For billions of years, massive stars in our Milky Way Galaxy have lived spectacular lives. Collapsing from vast cosmic clouds, their nuclear furnaces ignite and create heavy elements in their cores. After a few million years, the enriched material is blasted back into interstellar space where star formation begins anew. The expanding debris cloud known as Cassiopeia A is an example of this final phase of the stellar life cycle. Light from the explosion which created this supernova remnant was probably first seen in planet Earth's sky just over 300 years ago, although it took that light more than 10,000 years to reach us. R. Fesen/Dartmouth/J. Morse/CASA/U. Colorado/Hubble Heritage/NASA
Surely one of the most gorgeous sights the solar system has to offer, Saturn sits enveloped by the full splendor of its stately rings. Taking in the rings in their entirety was the focus of this particular imaging sequence. Therefore, the camera exposure times were just right to capture the dark-side of its rings, but longer than that required to properly expose the globe of sunlit Saturn. Consequently, the sunlit half of the planet is overexposed. NASA/JPL/Space Science Institute
Soft hues, partially lit orbs, a thin trace of the ring, and slight shadows highlight this understated view of the majestic surroundings of the giant planet Saturn. Looking nearly back toward the Sun, the robot Cassini spacecraft now orbiting Saturn captured crescent phases of Saturn and its moon Rhea in color a few months ago. Cassini/SSI/JPL/ESA/NASA
The helmet visor of astronaut John "Danny" Olivas, STS-117 mission specialist, serves as an easel of sorts as it reflects a pictorial account of a portion of a very busy session of extravehicular activity in 2007. Olivas, who took the photo, spent two hours of an overall 7 hour, 58 minute spacewalk stapling and pinning down a piece of thermal blanket on one of Atlantis' orbital maneuvering system pods (reflected in his visor). NASA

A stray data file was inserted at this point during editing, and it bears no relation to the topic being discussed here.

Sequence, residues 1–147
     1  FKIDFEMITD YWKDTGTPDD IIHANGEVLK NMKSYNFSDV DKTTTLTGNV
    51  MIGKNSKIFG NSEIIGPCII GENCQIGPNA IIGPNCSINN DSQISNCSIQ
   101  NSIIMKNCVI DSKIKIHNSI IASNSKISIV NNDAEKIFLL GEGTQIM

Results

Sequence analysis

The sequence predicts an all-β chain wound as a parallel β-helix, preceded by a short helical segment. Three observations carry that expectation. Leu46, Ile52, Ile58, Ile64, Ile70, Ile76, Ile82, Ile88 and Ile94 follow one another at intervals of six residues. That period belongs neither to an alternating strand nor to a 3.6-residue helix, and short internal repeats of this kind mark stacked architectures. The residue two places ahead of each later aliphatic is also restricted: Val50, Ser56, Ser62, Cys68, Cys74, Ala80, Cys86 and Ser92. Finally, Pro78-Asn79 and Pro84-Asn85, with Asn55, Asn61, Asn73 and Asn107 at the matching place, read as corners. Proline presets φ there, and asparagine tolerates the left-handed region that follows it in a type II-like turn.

While drifting through the cosmos, a magnificent interstellar dust cloud became sculpted by stellar winds and radiation to assume a recognizable shape. Fittingly named the Horsehead Nebula, it is embedded in the vast and complex Orion Nebula. The dark molecular cloud, roughly 1,500 light years distant, is cataloged as Barnard 33 and is visible only because its obscuring dust is silhouetted against the bright emission nebula IC 434. Canada-France-Hawaii Telescope/J.-C. Cuillandre/CFHT/Coelum/NASA
A new diffuse ring, coincident with the orbits of Saturn's moon's Janus and Epimetheus, has been revealed in ultra-high phase angle views from Cassini. Ultra-high phase angle indicates the sun is behind the target. The new ring is visible in this image outside the overexposed main rings and interior to the G and E rings. The G ring has a sharp inner boundary; the E ring is extremely broad and arcs across the upper and lower portions of the scene. NASA/JPL/Space Science Institute
The Apollo 11 mission, the United States first lunar landing mission, is seen at liftoff in 1969. NASA
This symmetric cloud dubbed the Boomerang Nebula was created by a high-speed wind of gas and dust blowing from an aging central star at speeds of nearly 400,000 miles per hour. The rapid expansion has cooled molecules in the nebular gas to about one degree above absolute zero - colder than even the cosmic background radiation - making it the coldest known region in the distant Universe. Hubble Heritage Team/J. Biretta/STScI/AURA/ESA/NASA
These two galaxies are interacting in a surprising way, connected by a "pipeline" of obscuring material that runs between them over 20,000 light-years of intergalactic space. Silhouetted by starlight, the dark, dusty ribbon appears to stretch from NGC 1410 (the galaxy at the left) and wrap itself around NGC 1409 (at right). A mere 300 million light-years distant in the constellation of Taurus, the pair's recent collision has likely drawn out this relatively thin lane of material which is only about 500 light-years wide. William C. Keel/Univ. Alabama, Tuscaloosa/NASA
Nestled in the central US, the state of Oklahoma is noted for its gorgeous prairie skies and wide-open spaces, but not for frequent visitations of the northern lights. Still, following the intense solar activity, aurora did come sweeping down the Oklahoma plains and skywatcher Dave Ewoldt managed to catch up with this photogenic apparition 40 miles northwest of Oklahoma City at about 3am CST on October 29. Dave Ewoldt/NASA
UN human rights chief says their investigation into Syria's civil war has produced 'massive evidence' of crimes that 'indicates responsibility at the highest level of government, including the head of state.'
John Heilprin, Associated Press /
December 2, 2013
Salvatore Di Nolfi/Keystone/AP
A growing body of evidence collected by UN investigators points to the involvement of senior Syrian officials, including President Bashar Assad, in crimes against humanity and war crimes, the UN's top human rights official said Monday.